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This eBook from the Gutenberg Project consists of approximately 84 pages of information about The War Chief of the Six Nations.
was a damsel of the Shawnee race who had left the wigwams of her people.  At all events we may be sure that she had the natural instincts and impulses of a forest mother; that she knew where the linden grew high and where the brown-red sycamores clustered thick by the margin of the stream.  It may be supposed that when the sun mounted high she would tie the picturesque, richly ornamented baby-frame containing her boy to some drooping branch to swing from its leathern thong in the cooling breeze.  We may imagine her tuneful voice singing the mother’s Wa Wa song, the soft lullaby of the sylvan glades.  Thayendanegea’s eyes blink and tremble; he forgets the floating canopy above him and sleeps in his forest cradle.

The hunting excursion to the Ohio came at length to an end, and then the Mohawks started for their lodges in the far north-east.  Up the broad river sped the strongest canoe-men of all the peoples of the forest, with Thayendanegea stowed snugly in the bottom of some slender craft.  Over the long and weary portages trudged his mother, her child bound loosely on her shoulders.  Their route lay towards Lake Erie, then along the well-trodden trail to the Mohawk river; and the baby was for the first time among the fertile cornfields and the strange Long Houses of his people.  At this period the Mohawks lived farthest east of all the tribes of the Six Nations.  Their main settlements were along the Mohawk river in what is now the state of New York, but they claimed authority over the region stretching thence towards Montreal.  They had three settlements on the Mohawk, the central one of which, called Canajoharie Castle, was the home of Thayendanegea’s parents.  Near by lived the celebrated William Johnson, His Majesty’s representative for Indian Affairs in the colony of New York, who some years later became sole superintendent of ’the six united nations, their allies and dependents.’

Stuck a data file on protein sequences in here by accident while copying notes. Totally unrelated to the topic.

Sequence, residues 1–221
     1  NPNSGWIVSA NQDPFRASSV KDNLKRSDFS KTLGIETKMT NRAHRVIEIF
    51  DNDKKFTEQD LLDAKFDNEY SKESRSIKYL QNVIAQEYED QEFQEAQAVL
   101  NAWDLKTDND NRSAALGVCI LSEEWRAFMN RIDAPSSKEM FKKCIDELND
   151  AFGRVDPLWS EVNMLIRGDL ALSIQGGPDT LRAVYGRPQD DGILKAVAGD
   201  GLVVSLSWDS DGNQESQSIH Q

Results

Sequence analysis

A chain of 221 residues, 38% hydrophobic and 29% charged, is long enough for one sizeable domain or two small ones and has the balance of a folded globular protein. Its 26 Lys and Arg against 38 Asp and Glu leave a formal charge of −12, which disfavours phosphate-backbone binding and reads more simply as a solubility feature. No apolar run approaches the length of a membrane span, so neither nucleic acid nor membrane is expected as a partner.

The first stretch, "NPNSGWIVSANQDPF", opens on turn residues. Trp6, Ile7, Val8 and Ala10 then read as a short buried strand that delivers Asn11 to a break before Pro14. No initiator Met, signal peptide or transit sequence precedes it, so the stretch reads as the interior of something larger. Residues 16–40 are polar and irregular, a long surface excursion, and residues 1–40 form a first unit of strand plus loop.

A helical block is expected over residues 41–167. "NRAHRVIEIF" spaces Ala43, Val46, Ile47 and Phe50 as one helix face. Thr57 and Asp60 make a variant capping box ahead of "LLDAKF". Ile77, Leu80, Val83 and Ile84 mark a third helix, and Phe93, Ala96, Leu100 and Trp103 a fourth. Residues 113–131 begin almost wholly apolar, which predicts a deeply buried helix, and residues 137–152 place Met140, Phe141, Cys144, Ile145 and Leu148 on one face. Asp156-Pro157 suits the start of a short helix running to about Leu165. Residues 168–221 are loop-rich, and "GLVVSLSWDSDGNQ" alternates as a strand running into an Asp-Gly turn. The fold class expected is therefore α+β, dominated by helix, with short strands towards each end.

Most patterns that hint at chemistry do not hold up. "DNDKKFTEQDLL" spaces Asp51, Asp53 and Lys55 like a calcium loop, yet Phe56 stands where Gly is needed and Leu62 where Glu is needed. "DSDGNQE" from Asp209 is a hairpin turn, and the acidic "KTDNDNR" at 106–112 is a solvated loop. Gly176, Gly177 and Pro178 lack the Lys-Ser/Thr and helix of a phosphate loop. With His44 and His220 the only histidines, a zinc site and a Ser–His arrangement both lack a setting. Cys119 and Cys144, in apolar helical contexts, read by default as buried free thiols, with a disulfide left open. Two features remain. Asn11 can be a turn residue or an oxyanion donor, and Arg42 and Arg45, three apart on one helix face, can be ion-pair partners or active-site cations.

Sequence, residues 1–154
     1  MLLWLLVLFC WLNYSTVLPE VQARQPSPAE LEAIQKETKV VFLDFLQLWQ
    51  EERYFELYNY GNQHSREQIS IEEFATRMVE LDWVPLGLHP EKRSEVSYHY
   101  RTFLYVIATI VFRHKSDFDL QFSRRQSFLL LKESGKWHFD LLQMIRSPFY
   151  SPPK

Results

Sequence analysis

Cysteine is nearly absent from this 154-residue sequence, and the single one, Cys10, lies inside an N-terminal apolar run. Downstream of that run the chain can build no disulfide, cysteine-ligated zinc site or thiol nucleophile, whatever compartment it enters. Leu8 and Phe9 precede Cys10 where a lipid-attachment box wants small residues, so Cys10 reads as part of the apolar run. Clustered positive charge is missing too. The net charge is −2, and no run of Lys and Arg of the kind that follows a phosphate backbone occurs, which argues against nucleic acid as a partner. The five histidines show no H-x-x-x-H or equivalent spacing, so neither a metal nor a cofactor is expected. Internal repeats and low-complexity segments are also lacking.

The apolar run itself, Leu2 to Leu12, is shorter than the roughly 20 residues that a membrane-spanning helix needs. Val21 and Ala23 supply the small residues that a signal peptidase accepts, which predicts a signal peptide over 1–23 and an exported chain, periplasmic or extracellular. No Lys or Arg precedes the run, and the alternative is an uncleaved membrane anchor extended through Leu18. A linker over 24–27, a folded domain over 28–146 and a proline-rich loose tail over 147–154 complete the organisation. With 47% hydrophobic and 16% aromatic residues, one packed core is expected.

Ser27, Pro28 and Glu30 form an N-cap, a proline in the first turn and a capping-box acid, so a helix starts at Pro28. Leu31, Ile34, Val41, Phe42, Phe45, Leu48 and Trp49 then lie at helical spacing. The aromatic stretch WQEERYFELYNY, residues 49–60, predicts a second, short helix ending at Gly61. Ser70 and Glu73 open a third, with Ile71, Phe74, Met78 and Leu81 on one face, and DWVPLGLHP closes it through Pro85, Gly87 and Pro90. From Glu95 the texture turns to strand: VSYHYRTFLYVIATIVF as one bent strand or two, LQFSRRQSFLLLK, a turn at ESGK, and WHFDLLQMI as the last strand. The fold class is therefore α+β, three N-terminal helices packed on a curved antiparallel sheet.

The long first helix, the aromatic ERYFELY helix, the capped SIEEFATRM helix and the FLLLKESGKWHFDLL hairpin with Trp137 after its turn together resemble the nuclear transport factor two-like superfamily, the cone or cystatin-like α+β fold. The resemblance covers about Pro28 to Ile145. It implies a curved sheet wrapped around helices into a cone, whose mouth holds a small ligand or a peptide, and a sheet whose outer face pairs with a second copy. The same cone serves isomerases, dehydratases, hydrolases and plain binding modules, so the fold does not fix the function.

When Thayendanegea grew stronger he began to romp with the other boys of the village.  With them he followed the women down to the river’s brink, picking up shiny pebbles from the sand, or watching the minnows dart about in the sunlight.  With them, when the days were long, he crawled through the brambles, looking for luscious berries, or ran with the wiry Indian dogs into copse and brushwood.  Then he learned to swim, to fish, and to dip his paddle noiselessly in the stream.  Like every red child, Thayendanegea listened rapt in wonder to the tales that were told him.  The Mohawks had a storehouse of fable, and he soon became versed in the lore of the forest.  Perhaps, too, he sat beside his wrinkled grandfather, who was a sachem, [Footnote:  That Thayendanegea was the grandchild of one of these sachems who were so honoured appears from information given in an article published in the London Magazine; of July 1776.  The material for this account of him is supposed to have been supplied by the famous author James Boswell, with whom, while on a visit to England

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